Monday, June 24, 2024

Adobe updates License terms to be less douchy

The key word here is "less":

Adobe has promised to update its terms of service to make it "abundantly clear" that the company will "never" train generative AI on creators' content after days of customer backlash, with some saying they would cancel Adobe subscriptions over its vague terms.

Users got upset last week when an Adobe pop-up informed them of updates to terms of use that seemed to give Adobe broad permissions to access user content, take ownership of that content, or train AI on that content. The pop-up forced users to agree to these terms to access Adobe apps, disrupting access to creatives' projects unless they immediately accepted them.


On X (formerly Twitter), YouTuber Sasha Yanshin wrote that he canceled his Adobe license "after many years as a customer," arguing that "no creator in their right mind can accept" Adobe's terms that seemed to seize a "worldwide royalty-free license to reproduce, display, distribute" or "do whatever they want with any content" produced using their software.


Adobe's design leader Scott Belsky replied, telling Yanshin that Adobe had clarified the update in a blog post and noting that Adobe's terms for licensing content are typical for every cloud content company. But he acknowledged that those terms were written about 11 years ago and that the language could be plainer, writing that "modern terms of service in the current climate of customer concerns should evolve to address modern day concerns directly."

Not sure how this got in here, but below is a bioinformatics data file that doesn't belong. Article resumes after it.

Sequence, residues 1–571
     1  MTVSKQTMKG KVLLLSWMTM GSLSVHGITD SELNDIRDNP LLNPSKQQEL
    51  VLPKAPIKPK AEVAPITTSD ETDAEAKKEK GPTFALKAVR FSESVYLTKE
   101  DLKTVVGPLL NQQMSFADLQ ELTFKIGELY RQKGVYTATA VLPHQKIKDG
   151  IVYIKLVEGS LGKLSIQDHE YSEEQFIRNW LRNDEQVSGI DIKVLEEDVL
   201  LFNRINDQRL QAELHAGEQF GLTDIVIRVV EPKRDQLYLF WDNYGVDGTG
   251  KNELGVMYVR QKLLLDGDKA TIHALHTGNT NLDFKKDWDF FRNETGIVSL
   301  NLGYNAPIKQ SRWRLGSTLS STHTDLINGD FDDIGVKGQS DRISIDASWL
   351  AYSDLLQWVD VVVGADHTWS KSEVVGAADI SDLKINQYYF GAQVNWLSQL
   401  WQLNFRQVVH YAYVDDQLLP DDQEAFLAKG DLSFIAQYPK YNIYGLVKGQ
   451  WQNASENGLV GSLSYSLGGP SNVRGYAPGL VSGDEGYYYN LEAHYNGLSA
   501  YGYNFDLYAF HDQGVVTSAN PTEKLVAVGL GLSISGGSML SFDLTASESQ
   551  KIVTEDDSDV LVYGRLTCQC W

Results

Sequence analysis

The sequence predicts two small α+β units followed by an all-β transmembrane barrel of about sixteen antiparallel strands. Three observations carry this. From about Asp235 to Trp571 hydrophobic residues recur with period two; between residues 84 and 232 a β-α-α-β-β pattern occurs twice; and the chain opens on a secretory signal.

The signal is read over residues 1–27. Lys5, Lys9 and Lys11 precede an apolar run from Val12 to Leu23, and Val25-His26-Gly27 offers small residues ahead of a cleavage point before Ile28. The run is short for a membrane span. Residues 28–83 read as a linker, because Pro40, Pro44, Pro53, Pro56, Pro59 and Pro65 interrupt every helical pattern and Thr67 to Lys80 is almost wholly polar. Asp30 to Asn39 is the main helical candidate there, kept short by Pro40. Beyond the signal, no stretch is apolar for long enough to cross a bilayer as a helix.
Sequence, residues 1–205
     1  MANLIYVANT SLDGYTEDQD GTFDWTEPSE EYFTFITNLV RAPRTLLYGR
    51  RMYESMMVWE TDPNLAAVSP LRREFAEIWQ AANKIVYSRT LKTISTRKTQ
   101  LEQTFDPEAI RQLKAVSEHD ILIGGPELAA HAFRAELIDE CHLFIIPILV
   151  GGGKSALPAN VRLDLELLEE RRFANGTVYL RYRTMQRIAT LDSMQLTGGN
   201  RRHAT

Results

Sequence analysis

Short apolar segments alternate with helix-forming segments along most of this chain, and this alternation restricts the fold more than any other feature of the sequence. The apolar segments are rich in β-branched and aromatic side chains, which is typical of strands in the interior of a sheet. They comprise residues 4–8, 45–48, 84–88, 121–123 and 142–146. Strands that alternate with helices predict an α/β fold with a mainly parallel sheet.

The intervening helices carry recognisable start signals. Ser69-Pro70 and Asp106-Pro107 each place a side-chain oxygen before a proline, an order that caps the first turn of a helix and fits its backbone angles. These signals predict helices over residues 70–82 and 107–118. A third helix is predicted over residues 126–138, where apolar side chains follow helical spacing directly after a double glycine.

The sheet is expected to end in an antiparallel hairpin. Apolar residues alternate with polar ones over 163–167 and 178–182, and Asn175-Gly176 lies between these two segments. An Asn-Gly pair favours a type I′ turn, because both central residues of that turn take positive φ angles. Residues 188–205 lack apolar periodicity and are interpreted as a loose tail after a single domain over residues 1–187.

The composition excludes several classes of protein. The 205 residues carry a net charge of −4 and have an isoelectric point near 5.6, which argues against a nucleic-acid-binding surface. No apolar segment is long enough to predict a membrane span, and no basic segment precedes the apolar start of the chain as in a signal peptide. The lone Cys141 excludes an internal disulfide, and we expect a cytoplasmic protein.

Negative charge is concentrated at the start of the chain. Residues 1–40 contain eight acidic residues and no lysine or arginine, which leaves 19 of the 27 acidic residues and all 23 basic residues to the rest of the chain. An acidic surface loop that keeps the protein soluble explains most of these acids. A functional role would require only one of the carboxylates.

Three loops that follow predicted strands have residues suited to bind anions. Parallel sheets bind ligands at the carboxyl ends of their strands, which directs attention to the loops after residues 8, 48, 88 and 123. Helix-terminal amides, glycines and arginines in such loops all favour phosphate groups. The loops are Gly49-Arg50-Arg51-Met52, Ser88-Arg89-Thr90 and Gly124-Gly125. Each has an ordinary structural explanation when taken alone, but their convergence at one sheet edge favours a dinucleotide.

"You forced people to sign new Terms," Yanshin told Belsky on X. "Legally, they are the only thing that matters."

The original story is here.

I'm not sure this brouhaha is over.


Steve Sky said...

So some time in the future, they say they are not going to train their AI on your data, but they still retain the rights to your data.
They still haven't renounced taking your data, however.

The new terms give Adobe "worldwide royalty-free licence to reproduce, display, distribute" or do whatever they want with any content I produce using their software.

This goes to the problem of "cloud". If your data isn't on your computer, it can be held hostage by the cloud provider, until you agree to the changed terms. (Darth Vader) "I altered the terms of the agreement. Pray I don't alter them further..."

Borepatch said...

Steve, yeah. That's why I said I don't think this saga is over yet.